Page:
1 Developing a clear vision

1 Developing a clear vision

Hopefully we have got far enough into the book for you to have begun to believe that there is still a spark of entrepreneurship left in you that can be nurtured and developed. This chapter takes the first steps on that journey to self-realisation and the opportunity to do what you want to do with your life.

In Creating an Entrepreneurial Mindset we discussed the sort of characteristics that make up an entrepreneurial mindset. These characteristics were:

  • A clear and achievable vision
  • A vision where all the resources may not be in their control
  • Self-awareness
  • Confidence
  • Self motivation
  • A willingness to take calculated risks
  • A willingness to listen to others
  • A lack of fear of failure
  • A willingness to work hard

If we were honest, few of us actually have a clear and achievable vision that we have created ourselves. Indeed, mostly they are not a vision at all but could more readily be defined as expectations of others. These expectations are shaped much more by parents, teachers and peer groups than by our own thinking.

Ask yourself how often you have made the important decisions in your life. If you are pursuing a career, who was it really decided or persuaded you to follow that path? If you are still at school, who decided what subjects you should follow, and were they ones you wanted to follow or ones that they thought you would be best at? Who decided what hobbies would be open to you? Are you one of the boys that are forced to play football every week, not for fun, but so that parents can shout at you?

Ask yourself if you are really happy following the subjects or hobbies that were chosen for you or the career path you were expected to follow. If the answer is no and there is a desire to do something different then keep reading.

People have invented a term for young people like you that don’t follow the accepted norms and attempt to forge their own vision. We talk about ‘rebellious teenagers’ and the fact that it is a ‘phase that they will grow out of’!

At school they make judgments about future careers based not on desire or vision but on academic success. If you are good at sciences and happen to ride a horse then rest assured that the careers teacher will have you down as a veterinarian!

Peer group pressure also plays a part in establishing ‘your’ vision. People want you to conform to the norms of the group. For example, the decision of whether to buy or rent accommodation is determined as much by your social group as by your personal desire. Only the other day I met a parent who was incredulous that their children didn’t want them to make a present of a deposit on a property. There was little understanding that many young people today want to take advantage of the global world we live in rather than being tied to a single base.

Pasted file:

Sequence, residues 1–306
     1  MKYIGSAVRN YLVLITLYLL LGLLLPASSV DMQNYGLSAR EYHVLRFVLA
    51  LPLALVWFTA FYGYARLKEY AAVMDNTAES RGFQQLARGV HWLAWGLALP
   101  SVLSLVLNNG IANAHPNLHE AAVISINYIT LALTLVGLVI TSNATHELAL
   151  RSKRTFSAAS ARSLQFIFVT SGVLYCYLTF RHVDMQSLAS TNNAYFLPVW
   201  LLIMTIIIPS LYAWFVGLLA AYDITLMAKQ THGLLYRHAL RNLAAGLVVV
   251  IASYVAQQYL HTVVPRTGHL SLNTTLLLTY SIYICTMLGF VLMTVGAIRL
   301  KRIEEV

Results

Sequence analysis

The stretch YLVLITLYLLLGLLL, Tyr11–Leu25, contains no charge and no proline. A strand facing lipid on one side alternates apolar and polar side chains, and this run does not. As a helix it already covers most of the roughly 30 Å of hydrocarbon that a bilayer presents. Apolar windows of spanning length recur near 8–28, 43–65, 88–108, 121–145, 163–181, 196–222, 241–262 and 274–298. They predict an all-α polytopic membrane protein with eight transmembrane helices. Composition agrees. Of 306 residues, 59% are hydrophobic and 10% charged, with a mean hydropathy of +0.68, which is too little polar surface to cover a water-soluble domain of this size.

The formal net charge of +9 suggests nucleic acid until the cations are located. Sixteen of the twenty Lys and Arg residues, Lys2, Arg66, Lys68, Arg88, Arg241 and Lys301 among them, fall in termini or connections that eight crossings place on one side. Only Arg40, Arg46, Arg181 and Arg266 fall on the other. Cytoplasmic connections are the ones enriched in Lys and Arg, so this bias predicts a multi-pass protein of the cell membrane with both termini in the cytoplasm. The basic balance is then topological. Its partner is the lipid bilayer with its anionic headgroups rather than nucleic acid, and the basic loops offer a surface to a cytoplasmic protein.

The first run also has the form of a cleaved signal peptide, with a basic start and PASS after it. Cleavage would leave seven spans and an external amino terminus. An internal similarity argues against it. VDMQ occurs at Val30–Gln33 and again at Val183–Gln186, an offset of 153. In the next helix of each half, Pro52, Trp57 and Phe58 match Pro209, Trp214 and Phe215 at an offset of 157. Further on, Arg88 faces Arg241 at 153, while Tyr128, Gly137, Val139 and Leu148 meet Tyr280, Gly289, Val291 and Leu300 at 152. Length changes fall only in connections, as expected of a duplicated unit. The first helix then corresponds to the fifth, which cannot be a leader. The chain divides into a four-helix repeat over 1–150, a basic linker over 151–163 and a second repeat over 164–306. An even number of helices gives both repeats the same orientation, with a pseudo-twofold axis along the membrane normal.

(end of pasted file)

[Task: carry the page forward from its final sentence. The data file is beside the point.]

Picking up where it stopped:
The rest of this chapter is a process I originally developed for people who had been made redundant and is designed to help you, possibly for the first time, to build YOUR personal vision. These exercises work towards your personal definition of what you want to do with your life. Once there is a vision we can move on to the other entrepreneurial skills necessary to implement your vision.

The aim of these series of exercises is to help you to focus on the sort of person that you are, the values that are important and rewarding in your work and leisure times and the transferable skills that you have gained and would like to use in the future.

Importantly, it recognises that all of us have skills and values that will be different in every case. As a consequence we need to understand that we are not a failure just because our skills and values are different to the next person.

Often the creative person is derided because they are not academic in the accepted terms of the word. In reality the ‘academic’ person may not be as creative as the artistic person.

So starting out on these exercises it is important to know that there are no right answers. Actually, it may be truer to say that there are an infinite number of right answers. There is a unique set of right answers for each person that embarks upon them.

Perhaps for the first time in your life we are starting from a position that you are unique and that there is no one to compare you with. You do not have to live up to adult expectations, an older brother or sister or your best friend. This is the first step on the journey of eliminating cloning and re-inventing individuals.

So lets start with the first exercise.

Constructing a lifeline